Google LLC today released a report that explores the challenges in defending the software supply chain on the second anniversary of the now infamous hack of SolarWinds Worldwide LLC.
Since SolarWinds, governments and industry have made important strides in addressing issues, but the report finds that there has been a sharp increase in software supply chain attacks across almost every sector. Software supply chain attacks are now the second-most prevalent initial infection vector, and Google argues that critical infrastructure owners and operators should take measures to address related risks.
Topping the report is the need to take on additional open-source security responsibilities. Open-source software has become an increasing focus for hackers, meaning that entities that benefit from its use hold a greater responsibility in securing the supply chain.
It falls upon open-source users to assess the quality of dependencies they consume and ensure they have suitable mechanisms to receive and ingest new information on vulnerabilities when they are discovered. Log4j is highlighted as an example that brought the challenges of using open source into focus as the community struggled to respond to the event and organizations were found to lack the basic tools they needed to assess and mitigate the problem.
Highlighted in the report was the desirability of using the Supply-chain Levels of Software Artifacts or SLSA framework, a checklist of standards and controls to prevent tampering, improve integrity and secure packages and infrastructure in projects.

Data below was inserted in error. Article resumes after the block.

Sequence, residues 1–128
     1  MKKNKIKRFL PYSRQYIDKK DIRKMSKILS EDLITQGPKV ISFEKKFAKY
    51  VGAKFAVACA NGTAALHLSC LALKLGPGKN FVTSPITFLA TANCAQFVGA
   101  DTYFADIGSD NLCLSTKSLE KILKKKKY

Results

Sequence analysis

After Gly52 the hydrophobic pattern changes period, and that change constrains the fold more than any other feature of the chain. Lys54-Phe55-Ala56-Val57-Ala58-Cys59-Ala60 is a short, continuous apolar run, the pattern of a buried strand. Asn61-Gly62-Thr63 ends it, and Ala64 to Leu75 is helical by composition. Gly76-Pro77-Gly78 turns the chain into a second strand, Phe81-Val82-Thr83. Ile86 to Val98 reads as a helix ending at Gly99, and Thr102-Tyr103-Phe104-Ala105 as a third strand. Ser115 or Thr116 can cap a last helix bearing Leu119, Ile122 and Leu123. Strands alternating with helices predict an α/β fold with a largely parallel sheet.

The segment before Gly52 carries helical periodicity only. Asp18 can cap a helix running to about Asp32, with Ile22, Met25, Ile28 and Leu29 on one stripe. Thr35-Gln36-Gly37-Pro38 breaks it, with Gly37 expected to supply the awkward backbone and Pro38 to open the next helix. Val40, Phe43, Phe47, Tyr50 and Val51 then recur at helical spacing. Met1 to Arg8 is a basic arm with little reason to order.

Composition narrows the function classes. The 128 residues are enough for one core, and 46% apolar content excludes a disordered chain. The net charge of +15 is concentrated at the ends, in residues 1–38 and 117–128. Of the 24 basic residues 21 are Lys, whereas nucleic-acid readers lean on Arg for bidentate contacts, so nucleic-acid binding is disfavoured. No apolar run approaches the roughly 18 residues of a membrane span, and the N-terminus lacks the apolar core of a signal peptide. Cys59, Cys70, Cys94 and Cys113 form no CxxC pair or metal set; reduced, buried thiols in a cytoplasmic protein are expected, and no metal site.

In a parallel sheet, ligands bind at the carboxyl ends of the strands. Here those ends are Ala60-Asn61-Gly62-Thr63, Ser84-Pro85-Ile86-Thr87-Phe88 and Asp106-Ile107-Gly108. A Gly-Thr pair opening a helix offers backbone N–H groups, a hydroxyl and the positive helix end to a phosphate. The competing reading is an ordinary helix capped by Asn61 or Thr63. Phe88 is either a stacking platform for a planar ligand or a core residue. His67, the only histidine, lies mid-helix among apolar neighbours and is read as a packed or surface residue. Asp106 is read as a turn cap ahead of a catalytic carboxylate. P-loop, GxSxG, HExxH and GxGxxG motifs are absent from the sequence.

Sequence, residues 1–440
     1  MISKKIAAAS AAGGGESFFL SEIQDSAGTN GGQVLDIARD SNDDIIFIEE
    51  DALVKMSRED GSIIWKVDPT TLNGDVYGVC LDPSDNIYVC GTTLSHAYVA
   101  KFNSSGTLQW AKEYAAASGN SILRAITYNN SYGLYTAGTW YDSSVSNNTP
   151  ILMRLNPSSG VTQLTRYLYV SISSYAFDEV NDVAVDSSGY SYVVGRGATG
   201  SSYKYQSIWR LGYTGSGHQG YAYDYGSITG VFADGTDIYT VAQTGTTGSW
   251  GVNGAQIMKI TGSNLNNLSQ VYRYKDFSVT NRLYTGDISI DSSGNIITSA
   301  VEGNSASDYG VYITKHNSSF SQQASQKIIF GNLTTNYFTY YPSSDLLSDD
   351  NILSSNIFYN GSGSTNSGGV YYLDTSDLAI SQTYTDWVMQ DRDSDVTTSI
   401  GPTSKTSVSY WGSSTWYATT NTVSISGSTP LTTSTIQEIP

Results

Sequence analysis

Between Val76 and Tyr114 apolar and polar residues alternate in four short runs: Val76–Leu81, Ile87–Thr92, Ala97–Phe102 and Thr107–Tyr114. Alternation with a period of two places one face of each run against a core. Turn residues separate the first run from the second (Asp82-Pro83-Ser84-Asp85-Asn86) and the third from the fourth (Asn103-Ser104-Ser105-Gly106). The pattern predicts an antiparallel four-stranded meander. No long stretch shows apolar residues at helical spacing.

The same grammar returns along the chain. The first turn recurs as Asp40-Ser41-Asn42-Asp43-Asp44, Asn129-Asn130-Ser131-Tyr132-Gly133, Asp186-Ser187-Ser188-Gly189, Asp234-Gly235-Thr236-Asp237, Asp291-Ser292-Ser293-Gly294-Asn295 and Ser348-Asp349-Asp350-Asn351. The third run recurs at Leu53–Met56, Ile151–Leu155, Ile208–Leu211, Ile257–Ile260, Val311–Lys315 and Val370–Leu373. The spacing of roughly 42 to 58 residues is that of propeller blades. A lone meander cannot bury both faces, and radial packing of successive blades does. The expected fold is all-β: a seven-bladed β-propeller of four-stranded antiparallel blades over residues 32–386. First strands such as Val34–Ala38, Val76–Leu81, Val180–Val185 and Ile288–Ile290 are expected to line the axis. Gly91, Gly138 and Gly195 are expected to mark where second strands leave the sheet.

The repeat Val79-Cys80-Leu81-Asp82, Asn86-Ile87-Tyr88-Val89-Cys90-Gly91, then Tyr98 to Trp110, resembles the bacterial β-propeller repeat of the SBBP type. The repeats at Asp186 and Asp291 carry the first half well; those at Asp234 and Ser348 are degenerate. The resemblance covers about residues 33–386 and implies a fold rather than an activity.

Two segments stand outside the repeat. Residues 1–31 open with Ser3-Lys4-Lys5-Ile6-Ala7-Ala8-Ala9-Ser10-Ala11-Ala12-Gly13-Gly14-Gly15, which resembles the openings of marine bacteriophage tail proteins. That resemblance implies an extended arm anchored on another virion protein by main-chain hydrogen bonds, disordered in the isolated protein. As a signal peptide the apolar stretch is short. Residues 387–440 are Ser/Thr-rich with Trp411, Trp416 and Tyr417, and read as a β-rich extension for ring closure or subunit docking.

It’s noted that attacks such as SolarWinds and Codecov were fundamentally different from traditional software attacks that rely on code vulnerabilities or privilege escalation. Although there has been a heavy focus on software bills of materials, Google argues that SBOMs fail to provide any provenance information to detect build tampering, which was the root cause of the attacks.
The SLSA framework, if implemented correctly, can substantially reduce every organization’s attack surface. The report strongly encourages governments to provide incentive for its adoption.
Finally, the report argues that there’s a need for a holistic approach across the ecosystem to strengthen defenses against software supply chain attacks. Although individuals and organizations flag discoveries and rally the community to respond, Google argues that this is an ad hoc system that isn’t sustainable in the long term.
Instead, the report argues, there’s a need for a common strategy across government, industry, academia and the open source community to equip all stakeholders with the tools they need to immediately and effectively address software supply chain risk.
Suggestions include adopting best practices and standards for cyber hygiene, building a more resilient software ecosystem and investing in the future. “Our approach to supply chain security is rooted in a basic principle: We defend better together,” the report concludes.